Barcelona (Barca) and Manchester United (MU) played in the Champions League 2011 final. But if you want to talk about the match, you shouldn’t forget to bring Jose Mourinho into your narrative, in my opinion. Now where does Mourinho come into this, you may ask? He wasn’t the Manager of either of these teams. Well, before the final, the MU Manager, Sir Alex Ferguson, is said to have consulted him telephonically about how to contain Barcelona. Coming from Sir Alex, it was a huge compliment really to the one who called himself the “Special One”. What he told him, he didn’t reveal, and neither did Sir Alex. Understandable. One wonders whether the Real Madrid Manager, whose team had played Barcelona five times in that(2010-11) season, had advised him to adopt a strongly defense-oriented strategy; if he had, his advice was obviously not implemented in the match. Sir Ferguson didn’t “park the bus” in front of the goal; he was not the one to support the “killjoy” kind of football. Besides, hadn’t Barcelona defeated Mourinho’s Real Madrid in the semi-finals? Messi’s second goal in the second semi-final at the Bernabeu stadium, Real Madrid’s home ground, should constitute a good argument against the “park the bus in front of the goal” strategy.
By the way, Jose Mourinho is not the originator of the strategy of strongly defensive football, but in all probability, he gave it a memorable name: “park the bus”.It’s an appealing name for a style of play that isn’t appealing at all. But a name doesn’t have to reflect the nature of the entity it names, as the wise have said.
In any case, what Mourinho said about Barca’s 3-1 victory in that final match or about the match itself, which Barca had dominated, not many probably got to know. Did he murmur a reluctant word of praise for Barca, or more likely, did he trash Barca for having unfairly defeated his team in the semi-final? “Unfairly” in his view of course. He too often tended to see a conspiracy against his team whenever it lost a match that mattered. Or did he say (as his team was not playing)that the match was none of his business? Whatever he said wasn’t given coverage enough by the media for one to take note of.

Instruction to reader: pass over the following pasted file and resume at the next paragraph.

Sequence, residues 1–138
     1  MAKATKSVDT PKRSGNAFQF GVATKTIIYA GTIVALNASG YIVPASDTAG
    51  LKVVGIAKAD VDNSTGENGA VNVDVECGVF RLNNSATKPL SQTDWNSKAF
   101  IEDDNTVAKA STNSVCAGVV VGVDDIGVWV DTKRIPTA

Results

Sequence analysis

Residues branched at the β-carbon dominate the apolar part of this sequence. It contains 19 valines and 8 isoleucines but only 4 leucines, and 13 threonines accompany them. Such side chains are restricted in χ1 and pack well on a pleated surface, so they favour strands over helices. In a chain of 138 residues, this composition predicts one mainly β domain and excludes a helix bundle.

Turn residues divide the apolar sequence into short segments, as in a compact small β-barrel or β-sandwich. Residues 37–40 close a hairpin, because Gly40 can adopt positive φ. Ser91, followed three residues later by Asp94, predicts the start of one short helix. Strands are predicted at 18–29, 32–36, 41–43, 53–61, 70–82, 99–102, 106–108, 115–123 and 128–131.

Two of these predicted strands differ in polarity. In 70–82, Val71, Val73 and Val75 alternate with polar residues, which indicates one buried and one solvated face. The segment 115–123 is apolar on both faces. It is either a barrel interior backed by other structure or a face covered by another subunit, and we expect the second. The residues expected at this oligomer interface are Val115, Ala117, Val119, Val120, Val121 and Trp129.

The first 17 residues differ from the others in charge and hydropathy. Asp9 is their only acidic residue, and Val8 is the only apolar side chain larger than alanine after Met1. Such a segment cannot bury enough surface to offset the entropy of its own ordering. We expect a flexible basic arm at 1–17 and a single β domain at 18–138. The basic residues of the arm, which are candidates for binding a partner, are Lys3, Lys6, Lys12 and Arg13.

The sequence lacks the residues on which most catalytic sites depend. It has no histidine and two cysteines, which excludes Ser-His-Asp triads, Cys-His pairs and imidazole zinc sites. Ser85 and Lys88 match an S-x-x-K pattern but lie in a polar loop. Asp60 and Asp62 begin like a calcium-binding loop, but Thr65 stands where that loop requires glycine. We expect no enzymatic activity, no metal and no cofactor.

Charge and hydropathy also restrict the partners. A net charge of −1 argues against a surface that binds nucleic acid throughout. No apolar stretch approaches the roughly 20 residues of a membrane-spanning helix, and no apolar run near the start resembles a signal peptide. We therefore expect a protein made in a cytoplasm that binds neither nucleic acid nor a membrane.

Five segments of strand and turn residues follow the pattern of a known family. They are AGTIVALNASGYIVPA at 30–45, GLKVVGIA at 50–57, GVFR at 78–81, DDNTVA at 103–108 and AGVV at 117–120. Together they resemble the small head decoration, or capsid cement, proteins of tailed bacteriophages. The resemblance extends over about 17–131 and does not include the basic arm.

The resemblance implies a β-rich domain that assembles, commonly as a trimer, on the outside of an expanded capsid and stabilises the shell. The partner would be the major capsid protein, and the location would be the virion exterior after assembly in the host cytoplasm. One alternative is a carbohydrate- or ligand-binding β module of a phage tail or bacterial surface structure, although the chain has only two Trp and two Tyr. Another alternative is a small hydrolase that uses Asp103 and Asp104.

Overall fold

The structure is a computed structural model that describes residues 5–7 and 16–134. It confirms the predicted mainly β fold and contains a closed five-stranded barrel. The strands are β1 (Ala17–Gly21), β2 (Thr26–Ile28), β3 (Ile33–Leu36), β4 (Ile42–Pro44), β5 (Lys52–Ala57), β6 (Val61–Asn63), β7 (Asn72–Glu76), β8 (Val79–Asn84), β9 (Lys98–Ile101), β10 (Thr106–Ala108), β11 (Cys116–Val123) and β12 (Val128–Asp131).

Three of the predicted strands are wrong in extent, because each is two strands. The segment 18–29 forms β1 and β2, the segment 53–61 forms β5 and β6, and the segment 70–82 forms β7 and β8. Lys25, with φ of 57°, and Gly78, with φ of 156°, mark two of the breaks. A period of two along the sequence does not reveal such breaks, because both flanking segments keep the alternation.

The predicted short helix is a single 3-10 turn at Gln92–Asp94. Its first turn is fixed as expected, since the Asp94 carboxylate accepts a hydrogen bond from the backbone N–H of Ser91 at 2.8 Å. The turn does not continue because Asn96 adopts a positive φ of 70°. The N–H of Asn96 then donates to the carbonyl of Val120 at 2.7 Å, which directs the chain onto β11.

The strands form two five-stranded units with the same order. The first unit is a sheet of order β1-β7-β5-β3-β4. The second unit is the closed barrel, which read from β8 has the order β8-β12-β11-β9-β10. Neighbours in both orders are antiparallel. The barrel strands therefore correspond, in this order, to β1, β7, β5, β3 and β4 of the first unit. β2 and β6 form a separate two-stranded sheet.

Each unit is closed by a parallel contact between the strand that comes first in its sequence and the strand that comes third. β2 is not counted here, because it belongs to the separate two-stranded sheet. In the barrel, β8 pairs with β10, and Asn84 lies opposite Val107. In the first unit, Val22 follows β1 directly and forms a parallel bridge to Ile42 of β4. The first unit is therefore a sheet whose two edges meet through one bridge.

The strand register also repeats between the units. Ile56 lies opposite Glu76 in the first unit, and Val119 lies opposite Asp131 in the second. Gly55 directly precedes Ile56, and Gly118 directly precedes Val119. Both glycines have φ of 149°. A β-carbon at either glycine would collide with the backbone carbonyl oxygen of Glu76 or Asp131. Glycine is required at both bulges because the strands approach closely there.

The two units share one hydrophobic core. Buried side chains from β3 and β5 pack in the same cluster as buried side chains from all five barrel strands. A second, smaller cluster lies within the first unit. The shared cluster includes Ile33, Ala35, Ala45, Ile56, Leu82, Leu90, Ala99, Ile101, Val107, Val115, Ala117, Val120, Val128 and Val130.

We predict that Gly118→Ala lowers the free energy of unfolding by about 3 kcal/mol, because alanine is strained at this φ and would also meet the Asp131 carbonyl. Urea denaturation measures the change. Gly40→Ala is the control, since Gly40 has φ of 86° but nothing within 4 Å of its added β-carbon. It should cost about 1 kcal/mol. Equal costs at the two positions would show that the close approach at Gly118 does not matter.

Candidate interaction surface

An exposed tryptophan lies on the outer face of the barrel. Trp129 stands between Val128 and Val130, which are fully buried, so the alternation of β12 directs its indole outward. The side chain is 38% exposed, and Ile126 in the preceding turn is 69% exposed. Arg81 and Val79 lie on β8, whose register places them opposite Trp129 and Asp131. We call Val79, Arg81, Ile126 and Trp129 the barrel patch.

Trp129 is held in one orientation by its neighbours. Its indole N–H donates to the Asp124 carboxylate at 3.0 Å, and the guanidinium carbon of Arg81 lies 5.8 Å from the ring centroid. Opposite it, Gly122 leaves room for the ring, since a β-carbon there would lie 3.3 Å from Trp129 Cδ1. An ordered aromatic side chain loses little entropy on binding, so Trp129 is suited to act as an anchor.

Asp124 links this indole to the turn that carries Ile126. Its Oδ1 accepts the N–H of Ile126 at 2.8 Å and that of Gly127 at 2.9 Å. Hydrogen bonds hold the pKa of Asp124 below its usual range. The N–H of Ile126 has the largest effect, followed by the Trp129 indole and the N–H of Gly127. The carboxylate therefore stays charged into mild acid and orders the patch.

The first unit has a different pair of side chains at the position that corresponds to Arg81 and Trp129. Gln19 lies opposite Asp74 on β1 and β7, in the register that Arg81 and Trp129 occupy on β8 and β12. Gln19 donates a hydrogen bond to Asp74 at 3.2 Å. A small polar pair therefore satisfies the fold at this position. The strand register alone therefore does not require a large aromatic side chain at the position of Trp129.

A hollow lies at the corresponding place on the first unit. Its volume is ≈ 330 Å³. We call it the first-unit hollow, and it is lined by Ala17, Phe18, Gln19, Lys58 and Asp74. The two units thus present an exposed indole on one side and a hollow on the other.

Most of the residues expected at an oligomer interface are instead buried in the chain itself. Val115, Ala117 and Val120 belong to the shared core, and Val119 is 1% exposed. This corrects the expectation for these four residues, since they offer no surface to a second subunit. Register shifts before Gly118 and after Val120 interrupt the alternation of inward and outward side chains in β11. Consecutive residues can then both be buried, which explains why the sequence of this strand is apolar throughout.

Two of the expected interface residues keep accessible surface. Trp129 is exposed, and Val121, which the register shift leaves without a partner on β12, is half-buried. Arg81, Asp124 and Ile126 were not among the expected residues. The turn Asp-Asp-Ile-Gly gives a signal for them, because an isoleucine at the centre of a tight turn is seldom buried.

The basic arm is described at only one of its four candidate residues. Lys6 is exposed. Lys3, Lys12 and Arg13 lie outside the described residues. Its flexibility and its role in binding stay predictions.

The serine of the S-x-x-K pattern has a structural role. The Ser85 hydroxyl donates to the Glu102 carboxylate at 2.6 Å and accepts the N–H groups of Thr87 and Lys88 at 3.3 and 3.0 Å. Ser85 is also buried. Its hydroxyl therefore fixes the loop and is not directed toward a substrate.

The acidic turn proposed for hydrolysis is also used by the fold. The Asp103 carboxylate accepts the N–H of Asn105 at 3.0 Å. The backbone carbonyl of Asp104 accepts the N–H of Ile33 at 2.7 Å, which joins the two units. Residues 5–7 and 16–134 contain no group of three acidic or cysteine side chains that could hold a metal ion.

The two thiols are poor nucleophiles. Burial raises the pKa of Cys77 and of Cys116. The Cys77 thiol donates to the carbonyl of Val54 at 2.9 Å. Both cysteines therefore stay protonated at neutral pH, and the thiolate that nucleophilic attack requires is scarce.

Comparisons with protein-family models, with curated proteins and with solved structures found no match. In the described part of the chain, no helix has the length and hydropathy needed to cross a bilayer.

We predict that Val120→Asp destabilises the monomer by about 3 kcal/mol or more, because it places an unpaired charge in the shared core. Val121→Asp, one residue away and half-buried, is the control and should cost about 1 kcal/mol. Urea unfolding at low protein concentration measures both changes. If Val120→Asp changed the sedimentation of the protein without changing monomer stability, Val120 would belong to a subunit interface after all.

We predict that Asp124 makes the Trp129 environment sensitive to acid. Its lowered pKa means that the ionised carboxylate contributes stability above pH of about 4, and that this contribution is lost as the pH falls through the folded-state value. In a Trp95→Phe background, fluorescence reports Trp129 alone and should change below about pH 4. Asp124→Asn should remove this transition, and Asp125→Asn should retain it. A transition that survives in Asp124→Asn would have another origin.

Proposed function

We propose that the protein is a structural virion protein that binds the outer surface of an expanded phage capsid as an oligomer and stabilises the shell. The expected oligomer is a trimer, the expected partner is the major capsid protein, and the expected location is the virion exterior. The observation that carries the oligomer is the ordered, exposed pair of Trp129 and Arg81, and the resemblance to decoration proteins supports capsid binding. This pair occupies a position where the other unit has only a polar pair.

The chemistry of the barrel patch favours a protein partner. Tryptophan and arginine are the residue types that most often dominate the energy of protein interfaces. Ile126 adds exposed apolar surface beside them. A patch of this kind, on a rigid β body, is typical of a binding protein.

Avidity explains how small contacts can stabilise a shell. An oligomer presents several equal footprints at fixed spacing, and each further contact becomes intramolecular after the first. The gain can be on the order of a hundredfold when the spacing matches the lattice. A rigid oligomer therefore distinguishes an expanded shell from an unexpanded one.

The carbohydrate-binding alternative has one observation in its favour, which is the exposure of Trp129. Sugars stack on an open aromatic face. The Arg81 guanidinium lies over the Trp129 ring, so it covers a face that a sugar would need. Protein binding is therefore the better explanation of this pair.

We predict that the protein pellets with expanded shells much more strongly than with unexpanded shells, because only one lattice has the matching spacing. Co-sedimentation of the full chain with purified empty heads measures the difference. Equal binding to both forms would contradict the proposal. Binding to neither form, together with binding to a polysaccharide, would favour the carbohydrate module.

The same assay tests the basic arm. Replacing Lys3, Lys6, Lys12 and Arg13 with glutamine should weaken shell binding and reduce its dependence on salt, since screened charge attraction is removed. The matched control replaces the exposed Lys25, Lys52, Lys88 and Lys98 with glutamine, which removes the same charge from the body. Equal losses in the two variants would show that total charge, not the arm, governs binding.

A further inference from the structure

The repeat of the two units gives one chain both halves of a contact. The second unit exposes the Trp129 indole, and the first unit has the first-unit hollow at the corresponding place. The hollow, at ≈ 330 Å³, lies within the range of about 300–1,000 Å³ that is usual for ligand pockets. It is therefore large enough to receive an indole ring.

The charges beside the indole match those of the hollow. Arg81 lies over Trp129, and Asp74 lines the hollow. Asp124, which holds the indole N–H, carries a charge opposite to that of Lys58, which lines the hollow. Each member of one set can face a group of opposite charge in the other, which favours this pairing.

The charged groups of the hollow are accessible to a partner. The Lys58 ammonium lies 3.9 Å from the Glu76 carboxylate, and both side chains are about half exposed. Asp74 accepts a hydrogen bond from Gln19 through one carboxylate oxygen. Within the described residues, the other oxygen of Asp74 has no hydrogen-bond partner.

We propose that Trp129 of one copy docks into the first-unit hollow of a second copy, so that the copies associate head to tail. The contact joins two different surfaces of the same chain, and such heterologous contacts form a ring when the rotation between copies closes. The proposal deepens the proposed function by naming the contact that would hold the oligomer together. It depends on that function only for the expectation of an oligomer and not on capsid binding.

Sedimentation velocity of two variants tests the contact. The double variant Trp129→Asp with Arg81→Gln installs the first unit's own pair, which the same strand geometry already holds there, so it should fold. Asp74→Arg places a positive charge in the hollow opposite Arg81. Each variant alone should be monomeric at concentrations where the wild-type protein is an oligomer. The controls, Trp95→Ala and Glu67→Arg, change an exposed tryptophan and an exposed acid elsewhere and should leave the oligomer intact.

As for the final, it was good both from the point of view of the match itself and the healthy respect that the managers and players showed towards each other. No aggressive or belittling comments by either team directed at the other had been made before the match and there was no cynical attempt to demoralize the opponent in a manner that is euphemistically called “playing the mind game”. And Ferguson’s words and conduct after the match set an example, worth emulating, of how dignified and graceful one could be in defeat. Both his captain and he himself paid compliments in controlled words to the team they had lost to. On the field, both teams played open football and both played to win. Although after Barca’s second goal MU might have sensed that the odds were clearly against them, they did not give up attacking; neither did, at any stage, Barca stop playing attacking football and go defensive to save their lead. There were no cynical fouls, no play-acting, and no ugliness. The game was pleasing. It was not a “one-nil” kind of final, the only goal coming from a penalty kick or being the result of some terrible defensive error, rather than of some creativity on the part of the striker. Four goals were scored and the goals were good; one could only argue about which of these the next- best was. The best was indisputably Messi’s for the element of surprise that it had. Barca won the match, but from another point of view – by no means inconsequential – both teams won as they played good clean, and positive football. Football won.